Six areas chosen for local health partnerships

Six areas in England have been chosen to join the first phase of a major grant-funding and development programme designed to improve the health and wellbeing of communities.

The Healthy Communities Together programme, which was established by The King's Fund and The National Lottery Community Fund, will support partnership-working between the voluntary and community sector, the NHS and local authorities, and will help them make the most of their combined capability to improve the health of their community.

The six areas selected to take part in the programme are: Coventry (Grapevine Coventry and Warwickshire and partners); Croydon (One Croydon Alliance); Gloucestershire (Gloucestershire Enabling Active Communities); Leeds (Solidarity Network and Partners); Newham (Well Newham); and Plymouth (Plymouth Octopus Project and partners).

The areas were selected from more than 270 applications and will now benefit from leadership development support from The King’s Fund and up to £500,000 grant funding from The National Lottery Community Fund. Each area will also work to improve the links between health and care services and the communities they serve so that local needs can be better met.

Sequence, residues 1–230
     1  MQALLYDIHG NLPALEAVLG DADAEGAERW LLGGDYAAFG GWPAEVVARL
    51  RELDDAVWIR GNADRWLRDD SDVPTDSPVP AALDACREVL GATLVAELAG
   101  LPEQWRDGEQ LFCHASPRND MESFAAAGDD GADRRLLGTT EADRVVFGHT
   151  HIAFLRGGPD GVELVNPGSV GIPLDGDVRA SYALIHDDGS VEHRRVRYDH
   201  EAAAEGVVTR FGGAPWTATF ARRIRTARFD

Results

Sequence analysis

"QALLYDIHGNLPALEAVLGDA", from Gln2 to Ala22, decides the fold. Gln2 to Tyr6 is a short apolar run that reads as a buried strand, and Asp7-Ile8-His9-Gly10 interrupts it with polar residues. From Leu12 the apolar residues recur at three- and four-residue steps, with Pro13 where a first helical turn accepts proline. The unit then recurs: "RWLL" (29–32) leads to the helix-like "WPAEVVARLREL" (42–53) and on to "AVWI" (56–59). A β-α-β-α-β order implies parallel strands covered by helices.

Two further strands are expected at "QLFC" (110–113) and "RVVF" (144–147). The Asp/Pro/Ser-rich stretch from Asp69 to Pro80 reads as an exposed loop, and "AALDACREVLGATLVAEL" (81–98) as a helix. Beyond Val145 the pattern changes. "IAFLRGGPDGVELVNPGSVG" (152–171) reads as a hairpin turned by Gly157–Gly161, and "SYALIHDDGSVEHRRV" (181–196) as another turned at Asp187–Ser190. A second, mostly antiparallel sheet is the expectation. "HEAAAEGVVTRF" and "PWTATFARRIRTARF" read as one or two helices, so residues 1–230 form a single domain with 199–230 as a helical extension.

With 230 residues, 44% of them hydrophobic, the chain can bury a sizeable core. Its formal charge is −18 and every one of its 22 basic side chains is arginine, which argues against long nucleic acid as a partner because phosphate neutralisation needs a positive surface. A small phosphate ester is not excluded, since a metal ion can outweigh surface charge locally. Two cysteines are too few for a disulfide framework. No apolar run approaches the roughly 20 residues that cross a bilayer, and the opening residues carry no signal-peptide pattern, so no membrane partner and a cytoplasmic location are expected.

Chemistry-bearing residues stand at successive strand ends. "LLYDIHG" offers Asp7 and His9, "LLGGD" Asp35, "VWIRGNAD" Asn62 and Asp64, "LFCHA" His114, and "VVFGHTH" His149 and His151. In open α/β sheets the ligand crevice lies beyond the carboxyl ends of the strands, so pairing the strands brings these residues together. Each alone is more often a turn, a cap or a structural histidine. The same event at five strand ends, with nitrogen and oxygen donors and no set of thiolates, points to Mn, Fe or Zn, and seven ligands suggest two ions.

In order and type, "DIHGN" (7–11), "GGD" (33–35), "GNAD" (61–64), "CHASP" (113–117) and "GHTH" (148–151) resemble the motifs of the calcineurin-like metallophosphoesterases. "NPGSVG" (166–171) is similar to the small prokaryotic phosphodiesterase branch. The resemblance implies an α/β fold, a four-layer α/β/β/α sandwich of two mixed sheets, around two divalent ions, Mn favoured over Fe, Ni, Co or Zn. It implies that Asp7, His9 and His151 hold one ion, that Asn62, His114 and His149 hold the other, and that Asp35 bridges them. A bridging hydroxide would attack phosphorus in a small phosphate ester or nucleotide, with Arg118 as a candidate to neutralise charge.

Across England, health charities, NHS organisations and local authorities are working towards the same goal, in the same place, often supporting the same people. Better co-ordination of their collective efforts is seen as key to improving the health of local communities.

Richard Murray, chief executive of The King's Fund, said: “As shown throughout the past year, voluntary and community sector organisations play a pivotal role in improving the health of local communities – not only by providing the types of support public services struggle to offer, but also by acting as an important link between public bodies and the people they serve.  

“The Healthy communities together programme will provide these six areas with the much-needed financial headroom and development support to build long-lasting partnerships. Through this, they should be well-placed to tackle some of the engrained inequalities that often leave the most-deprived communities facing the worst health outcomes.”